, Volume 39, Issue 2, pp 199–209 | Cite as

Paternity determination in captive lowland gorillas and orangutans and wild mountain gorillas by microsatellite analysis

  • Dawn Field
  • Leona Chemnick
  • Martha Robbins
  • Karen Garner
  • Oliver Ryder


Paternity exclusion studies provide useful information for testing certain theories of behavioral ecology and for the management and conservation of both wild and captive populations of endangered species. This study used eight human nuclear microsatellite loci, in the absence of species-specific PCR primers, to genetically identify the sires of 12 captive lowland gorillas (Gorilla gorilla gorilla) and 2 captive orangutans (Pongo pygmaeus pygmaeus andPongo p. abelii). Parentage assignments were confirmed by excluding all except a single potential sire for each offspring with the least two loci. Sire-offspring relationships were verified in 12 of the 14 cases, and reassigned in the case of two gorilla offspring. The orangutan paternity typing was supplemented by DNA fingerprinting. Additionally, five of the eight microsatellite loci, in conjunction with behavioral data, were used for a non-exhaustive set of paternity exclusions for five wild mountain gorillas (Gorilla g. beringei). The eight loci described in this study should be useful additions to the tools available for the study of genetics in the great apes.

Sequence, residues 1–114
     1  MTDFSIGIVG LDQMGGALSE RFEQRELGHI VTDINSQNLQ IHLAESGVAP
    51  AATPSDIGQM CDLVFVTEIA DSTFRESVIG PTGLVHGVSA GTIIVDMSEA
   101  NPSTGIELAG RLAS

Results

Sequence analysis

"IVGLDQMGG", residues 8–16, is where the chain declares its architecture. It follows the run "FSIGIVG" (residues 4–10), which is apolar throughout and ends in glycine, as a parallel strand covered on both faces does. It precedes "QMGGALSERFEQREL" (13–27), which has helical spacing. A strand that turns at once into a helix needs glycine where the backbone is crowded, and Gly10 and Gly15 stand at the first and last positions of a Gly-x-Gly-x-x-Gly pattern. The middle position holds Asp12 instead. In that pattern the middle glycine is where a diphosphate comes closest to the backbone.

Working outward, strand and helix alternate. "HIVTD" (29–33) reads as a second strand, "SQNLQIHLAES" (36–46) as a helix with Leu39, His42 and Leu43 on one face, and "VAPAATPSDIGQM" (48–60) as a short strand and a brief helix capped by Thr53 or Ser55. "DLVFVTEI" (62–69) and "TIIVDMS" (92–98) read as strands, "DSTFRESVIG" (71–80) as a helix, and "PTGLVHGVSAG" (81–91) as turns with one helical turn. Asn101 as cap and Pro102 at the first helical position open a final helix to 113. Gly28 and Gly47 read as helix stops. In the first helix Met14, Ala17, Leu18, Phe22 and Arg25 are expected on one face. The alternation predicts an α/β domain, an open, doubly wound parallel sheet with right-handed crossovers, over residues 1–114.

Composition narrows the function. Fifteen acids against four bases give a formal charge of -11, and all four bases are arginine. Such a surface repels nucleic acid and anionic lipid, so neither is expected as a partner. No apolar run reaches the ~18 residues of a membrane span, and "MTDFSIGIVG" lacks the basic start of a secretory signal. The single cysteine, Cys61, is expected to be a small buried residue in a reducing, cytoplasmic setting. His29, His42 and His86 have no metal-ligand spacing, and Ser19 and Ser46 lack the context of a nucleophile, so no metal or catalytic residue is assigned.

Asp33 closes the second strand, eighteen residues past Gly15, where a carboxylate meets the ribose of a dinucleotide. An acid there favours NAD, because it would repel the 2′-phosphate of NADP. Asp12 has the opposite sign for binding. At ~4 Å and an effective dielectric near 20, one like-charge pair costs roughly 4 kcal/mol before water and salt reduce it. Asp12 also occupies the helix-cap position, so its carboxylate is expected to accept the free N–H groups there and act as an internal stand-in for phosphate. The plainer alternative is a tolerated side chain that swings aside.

Key Words

Paternity testing Microsatellites Gorilla gorilla Pongo pygmaeus DNA typing 


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Copyright information

© Japan Monkey Centre 1998

Authors and Affiliations

  • Dawn Field
    • 1
    • 2
  • Leona Chemnick
    • 1
  • Martha Robbins
    • 3
  • Karen Garner
    • 4
  • Oliver Ryder
    • 1
  1. 1.Center for Reproduction of Endangered SpeciesZoological Society of San DiegoSan DiegoUSA
  2. 2.University of California, San DiegoLa JollaUSA
  3. 3.Department of Zoology, Birge Hall 430 Lincoln DriveUniversity of WisconsinMadisonUSA
  4. 4.USDA Forest ServiceDelawareUSA

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